Let your boss or manager know that you work best with minimal distractions and are more productive when you handle one task at a time. You can also seek out jobs that cater to your abilities as a deep thinker.
2 – Set Boundaries for Communication
The highly sensitive person has the ability to hear and see things very clearly, usually more thoroughly than the average person. Add the fact that a very sensitive individual likes to think long and hard about a situation before acting or responding, and you discover that highly perceptive people don’t always move or operate at the same workplace pace as their coworkers.
One thing you can do to give you the time to respond to communication on the job is to set up an autoresponder on your email system. Whenever anyone sends you an email, they receive an automated reply.
It tells them that you respond to emails between 9 and 10 in the morning, and then again between 4 PM and 5 PM. This frees you up from having to check your email every time you get a notification. You can set similar boundaries for other forms of communication.
3 – Learn to Say Yes the “Right” Way
People who are more sensitive than most, often have a hard time saying no. On the job this means you can quickly get behind handling your own tasks and responsibilities if you’re always helping someone else. On the other hand, you also won’t last very long on any job if you always say no when given an assignment.
The key is learning to say yes the right way.
Understand that your desire to say yes comes from a good place. That doesn’t automatically mean that saying no is the wrong thing to do. If you have a lot of responsibilities or you are overwhelmed in some way, say that you need time to think about it. Then let the person you are dealing with know that you will get back to him tomorrow after you have had time to think about your response.
Be sure that you provide yourself with a realistic deadline (i.e. tomorrow by noon), and that you stick to it. Otherwise, you are going to cause yourself more stress by not having a timeline to make the decision, and you will look unreliable if you donít get back to the person asking.
4 – Be Clear and Direct
Highly sensitive individuals like to think things through thoroughly before taking action. With their ability to understand the emotions, feelings and thoughts of others, they often assume others can do the same with them. This isn’t the case most of the time.
Be direct and clear when you communicate on the job. Don’t assume everyone has your high level of perception and sensitivity. Don’t hint, suggest or be unclear. When asked if you can take on a specific voluntary assignment and you are already in the weeds with your own responsibilities, try this.
“I had been hoping you would ask me to help. Unfortunately, I have a lot on my plate right now and I don’t believe I could give you the attention that this project deserves.”
An indirect answer would be to say, “I’ll think about it.” All this does is put off your decision-making and give you one more issue you have to handle later.
Dealing with Criticism – 7 Tips for Dealing with Criticism from Others When You are a Highly Sensitive Person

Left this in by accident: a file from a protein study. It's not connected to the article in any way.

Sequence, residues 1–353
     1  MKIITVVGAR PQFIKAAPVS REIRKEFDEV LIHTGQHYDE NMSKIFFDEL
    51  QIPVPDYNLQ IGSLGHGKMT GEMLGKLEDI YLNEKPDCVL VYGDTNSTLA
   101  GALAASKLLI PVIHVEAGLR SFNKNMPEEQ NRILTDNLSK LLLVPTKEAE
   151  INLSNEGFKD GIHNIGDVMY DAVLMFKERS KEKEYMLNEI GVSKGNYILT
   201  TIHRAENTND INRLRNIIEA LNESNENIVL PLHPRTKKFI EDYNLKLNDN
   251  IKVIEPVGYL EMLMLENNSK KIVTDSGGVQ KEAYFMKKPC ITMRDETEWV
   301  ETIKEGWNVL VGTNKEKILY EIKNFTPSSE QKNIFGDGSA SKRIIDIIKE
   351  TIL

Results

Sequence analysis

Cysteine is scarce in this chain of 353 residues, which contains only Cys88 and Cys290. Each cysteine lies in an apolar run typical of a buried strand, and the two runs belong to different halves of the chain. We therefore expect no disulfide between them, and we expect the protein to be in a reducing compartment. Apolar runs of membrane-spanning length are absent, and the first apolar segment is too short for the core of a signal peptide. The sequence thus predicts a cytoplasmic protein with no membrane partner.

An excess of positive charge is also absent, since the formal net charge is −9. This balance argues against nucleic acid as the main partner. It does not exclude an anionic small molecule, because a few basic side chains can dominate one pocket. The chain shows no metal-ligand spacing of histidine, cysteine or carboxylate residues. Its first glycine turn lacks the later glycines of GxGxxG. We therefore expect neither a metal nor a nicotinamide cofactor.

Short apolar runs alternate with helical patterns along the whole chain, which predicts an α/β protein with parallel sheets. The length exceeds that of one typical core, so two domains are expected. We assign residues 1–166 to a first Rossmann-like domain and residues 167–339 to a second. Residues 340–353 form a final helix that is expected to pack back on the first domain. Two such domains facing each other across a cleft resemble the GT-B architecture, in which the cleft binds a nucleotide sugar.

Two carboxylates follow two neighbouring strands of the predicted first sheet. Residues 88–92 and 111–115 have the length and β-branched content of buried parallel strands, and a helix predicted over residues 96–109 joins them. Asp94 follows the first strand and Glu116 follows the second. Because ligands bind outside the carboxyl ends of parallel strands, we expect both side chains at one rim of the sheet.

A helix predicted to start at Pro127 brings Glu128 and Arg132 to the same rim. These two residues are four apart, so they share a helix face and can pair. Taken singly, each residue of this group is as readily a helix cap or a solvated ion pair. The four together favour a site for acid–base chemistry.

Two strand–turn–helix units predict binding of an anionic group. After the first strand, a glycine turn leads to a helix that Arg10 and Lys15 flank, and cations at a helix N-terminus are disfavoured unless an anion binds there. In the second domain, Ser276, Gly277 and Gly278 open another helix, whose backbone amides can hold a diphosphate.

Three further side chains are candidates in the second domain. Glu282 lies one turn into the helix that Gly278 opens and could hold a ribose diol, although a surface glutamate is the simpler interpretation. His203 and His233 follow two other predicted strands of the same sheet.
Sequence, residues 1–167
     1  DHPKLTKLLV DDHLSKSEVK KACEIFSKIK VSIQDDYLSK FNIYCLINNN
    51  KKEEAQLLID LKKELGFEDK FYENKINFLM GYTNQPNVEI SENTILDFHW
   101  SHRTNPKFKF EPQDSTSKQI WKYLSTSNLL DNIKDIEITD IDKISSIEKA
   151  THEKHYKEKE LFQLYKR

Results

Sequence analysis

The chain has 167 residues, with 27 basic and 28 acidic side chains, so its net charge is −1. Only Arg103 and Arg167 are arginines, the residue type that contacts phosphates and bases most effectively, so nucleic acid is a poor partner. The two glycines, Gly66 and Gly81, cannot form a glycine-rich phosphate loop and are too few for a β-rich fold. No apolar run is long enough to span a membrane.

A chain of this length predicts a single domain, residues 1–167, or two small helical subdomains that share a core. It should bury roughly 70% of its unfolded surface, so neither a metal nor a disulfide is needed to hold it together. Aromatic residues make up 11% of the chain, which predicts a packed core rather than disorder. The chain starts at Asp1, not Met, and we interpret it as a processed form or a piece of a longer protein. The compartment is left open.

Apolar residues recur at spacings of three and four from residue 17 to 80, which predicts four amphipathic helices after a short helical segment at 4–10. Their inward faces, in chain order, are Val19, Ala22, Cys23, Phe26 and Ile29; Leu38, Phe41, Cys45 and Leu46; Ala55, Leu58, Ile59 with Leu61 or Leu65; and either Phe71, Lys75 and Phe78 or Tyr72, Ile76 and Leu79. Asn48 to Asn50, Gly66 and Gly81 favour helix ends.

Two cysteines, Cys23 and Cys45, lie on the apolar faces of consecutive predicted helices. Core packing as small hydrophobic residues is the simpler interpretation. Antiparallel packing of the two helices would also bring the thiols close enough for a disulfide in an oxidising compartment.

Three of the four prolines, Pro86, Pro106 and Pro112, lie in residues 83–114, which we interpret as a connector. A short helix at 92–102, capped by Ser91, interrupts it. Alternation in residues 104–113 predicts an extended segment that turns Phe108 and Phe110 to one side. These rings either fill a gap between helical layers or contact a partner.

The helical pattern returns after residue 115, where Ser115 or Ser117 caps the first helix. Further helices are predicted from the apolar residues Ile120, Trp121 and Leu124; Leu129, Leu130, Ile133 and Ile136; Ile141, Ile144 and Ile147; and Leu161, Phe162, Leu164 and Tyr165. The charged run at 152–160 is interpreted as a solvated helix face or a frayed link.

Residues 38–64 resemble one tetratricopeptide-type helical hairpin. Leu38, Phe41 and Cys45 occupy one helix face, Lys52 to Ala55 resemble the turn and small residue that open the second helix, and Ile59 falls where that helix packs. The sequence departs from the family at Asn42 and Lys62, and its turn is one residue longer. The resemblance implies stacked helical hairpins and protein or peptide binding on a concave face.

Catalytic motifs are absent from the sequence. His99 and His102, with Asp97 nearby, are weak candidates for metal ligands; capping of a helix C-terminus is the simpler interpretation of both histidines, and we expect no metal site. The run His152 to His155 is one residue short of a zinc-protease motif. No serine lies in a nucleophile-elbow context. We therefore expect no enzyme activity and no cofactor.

Criticism hurts. Even when it’s constructive and well-meant, it can be hard to take. Friend and foe alike may be critical of your actions, beliefs or physical traits. Probably the most damaging is self-criticism, because we often have an incorrect view of ourselves; we are our own worst enemies.
This is where having a thick skin emotionally can pay off. On the other end of the spectrum are those who are more sensitive than most people. Depending on which statistics you read, about 15% to 20% of all people are highly sensitive.
As you already know, they respond to sensory input more strongly than others. Events or experiences that don’t raise much of an eyebrow for the average person, can cause dramatic emotional, physical and mental responses.
This is definitely the case when criticism is leveled at the highly sensitive person.
If you process things much more deeply than others, use the following 7 tips for dealing with criticism to lessen the negative impact.
1 – Become Your Own Best Critic
Get in their shoes. Think about why they said what they did to you. There could be a very good reason for their assessment of you, at least in their mind. People who criticize others may do so because they are having a bad day or for some other reason that has nothing to do with you. Identify the “why” of their judgment and you may be able to take the sting out of it.
2 – Look for the Facts Involved
This is harder than it sounds for people that feel just about everything very deeply. However, it is just what is needed to soothe your emotions. Try and remove the facts from your feelings.
This objectivity lets you see the reality of the criticism, not your emotional response to it. As Licensed Mental Health Counselor (LMHC) Christine Reber says, “Don’t believe everything you feel. Feelings are not facts; feelings are feelings.”
3 – Treat Yourself
Why not do something nice for yourself after a wounding criticism? A long, hot bath, favorite meal or spending time with your best friend can lessen the pain of judgment.
4 – Watch the Clock
In other words, let some time pass before you respond. Knee-jerk reactions can be more damaging for a sensitive person than the comment that triggers a thoughtless and rapid response.
5 – Ask What They Meant
HSPs can sometimes misunderstand something they hear because their emotions are so ready to react. Ask questions. Ask your critic if you are understanding his assessment correctly. It could be that what you perceived was not at all what was intended.